The Liquidity Cost of Private Equity Investments: Evidence from Secondary Market Transactions
An important cost of investing in private equity is the illiquidity of these investments. In response to this illiquidity, a secondary market for transacting stakes in private equity funds has developed. This paper uses proprietary data from a leading intermediary to understand the magnitude and determinants of transaction costs in this market. Most transactions occur at a discount to net asset value. Buyers average an annualized Public Market Equivalent (PME) of 1.023 compared to 0.974 for sellers, implying that buyers outperform sellers by a market-adjusted five percentage points annually. For the most common type of transaction, the sale of stakes in funds four to nine years old, the difference is smaller, about three percentage points. Both the discount to NAV and the difference in returns between buyers and sellers returns appear to be related to factors associated with asymmetric information and market depth. Buyers in this market tend to be funds-of-funds, while sellers are more likely to be traditional private equity investors such as endowments and pension funds.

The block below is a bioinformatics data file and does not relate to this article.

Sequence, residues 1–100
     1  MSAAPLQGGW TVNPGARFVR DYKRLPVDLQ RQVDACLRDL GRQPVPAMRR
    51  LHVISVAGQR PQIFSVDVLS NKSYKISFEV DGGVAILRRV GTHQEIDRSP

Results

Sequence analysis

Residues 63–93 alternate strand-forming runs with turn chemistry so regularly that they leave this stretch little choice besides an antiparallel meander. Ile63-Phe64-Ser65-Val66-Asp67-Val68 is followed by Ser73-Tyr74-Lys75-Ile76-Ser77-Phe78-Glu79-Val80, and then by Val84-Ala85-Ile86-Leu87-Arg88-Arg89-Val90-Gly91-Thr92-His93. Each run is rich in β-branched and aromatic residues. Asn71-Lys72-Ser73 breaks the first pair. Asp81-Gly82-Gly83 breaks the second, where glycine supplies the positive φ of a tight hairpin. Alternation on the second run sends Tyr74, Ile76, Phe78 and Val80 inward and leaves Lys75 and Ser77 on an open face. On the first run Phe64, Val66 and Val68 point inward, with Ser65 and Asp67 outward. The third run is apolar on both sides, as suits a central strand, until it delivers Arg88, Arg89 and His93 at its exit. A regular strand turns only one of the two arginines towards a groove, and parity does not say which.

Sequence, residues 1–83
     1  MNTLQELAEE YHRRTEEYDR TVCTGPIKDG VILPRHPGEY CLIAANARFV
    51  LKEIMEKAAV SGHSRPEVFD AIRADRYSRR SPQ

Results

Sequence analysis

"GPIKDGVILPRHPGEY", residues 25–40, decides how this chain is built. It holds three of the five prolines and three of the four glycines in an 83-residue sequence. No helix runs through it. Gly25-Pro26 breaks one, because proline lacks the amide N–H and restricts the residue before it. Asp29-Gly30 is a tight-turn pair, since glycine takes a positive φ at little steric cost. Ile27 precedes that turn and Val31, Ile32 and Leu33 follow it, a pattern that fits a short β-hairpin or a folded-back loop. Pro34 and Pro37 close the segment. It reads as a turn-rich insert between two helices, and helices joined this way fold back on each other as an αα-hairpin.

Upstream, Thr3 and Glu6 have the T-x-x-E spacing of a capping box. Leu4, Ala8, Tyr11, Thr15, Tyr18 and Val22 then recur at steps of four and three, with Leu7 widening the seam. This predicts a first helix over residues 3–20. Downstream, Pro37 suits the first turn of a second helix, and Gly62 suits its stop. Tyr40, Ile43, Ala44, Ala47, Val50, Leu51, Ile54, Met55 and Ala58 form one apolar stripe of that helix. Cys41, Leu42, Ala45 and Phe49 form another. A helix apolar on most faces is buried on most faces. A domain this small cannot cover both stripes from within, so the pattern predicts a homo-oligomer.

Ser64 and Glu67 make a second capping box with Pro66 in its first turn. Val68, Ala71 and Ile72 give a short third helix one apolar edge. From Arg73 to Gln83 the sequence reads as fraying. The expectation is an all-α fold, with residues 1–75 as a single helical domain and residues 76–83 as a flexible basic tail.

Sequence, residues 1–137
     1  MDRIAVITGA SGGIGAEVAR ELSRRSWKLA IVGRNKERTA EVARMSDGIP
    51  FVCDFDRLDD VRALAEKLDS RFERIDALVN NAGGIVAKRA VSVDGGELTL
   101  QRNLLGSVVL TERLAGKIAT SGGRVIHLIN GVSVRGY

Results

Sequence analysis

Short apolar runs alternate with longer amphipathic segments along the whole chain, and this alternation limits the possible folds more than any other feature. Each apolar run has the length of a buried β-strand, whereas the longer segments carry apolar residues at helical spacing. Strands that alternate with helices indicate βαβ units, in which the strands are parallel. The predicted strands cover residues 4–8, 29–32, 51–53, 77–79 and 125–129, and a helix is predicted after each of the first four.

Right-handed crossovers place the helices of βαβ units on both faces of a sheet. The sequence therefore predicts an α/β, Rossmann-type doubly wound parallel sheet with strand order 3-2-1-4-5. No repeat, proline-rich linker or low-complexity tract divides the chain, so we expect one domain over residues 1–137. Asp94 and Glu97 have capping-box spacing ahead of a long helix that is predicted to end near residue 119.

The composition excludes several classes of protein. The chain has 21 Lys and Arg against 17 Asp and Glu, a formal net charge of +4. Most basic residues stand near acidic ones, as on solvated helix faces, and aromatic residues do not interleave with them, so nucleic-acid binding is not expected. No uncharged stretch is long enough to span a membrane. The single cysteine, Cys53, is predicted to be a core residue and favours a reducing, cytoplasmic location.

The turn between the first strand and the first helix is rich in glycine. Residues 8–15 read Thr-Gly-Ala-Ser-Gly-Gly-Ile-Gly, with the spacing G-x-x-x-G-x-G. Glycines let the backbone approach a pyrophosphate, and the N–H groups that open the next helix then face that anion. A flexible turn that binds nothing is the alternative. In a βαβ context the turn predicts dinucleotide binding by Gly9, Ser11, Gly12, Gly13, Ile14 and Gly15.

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Document Object Identifier (DOI): 10.3386/w22404
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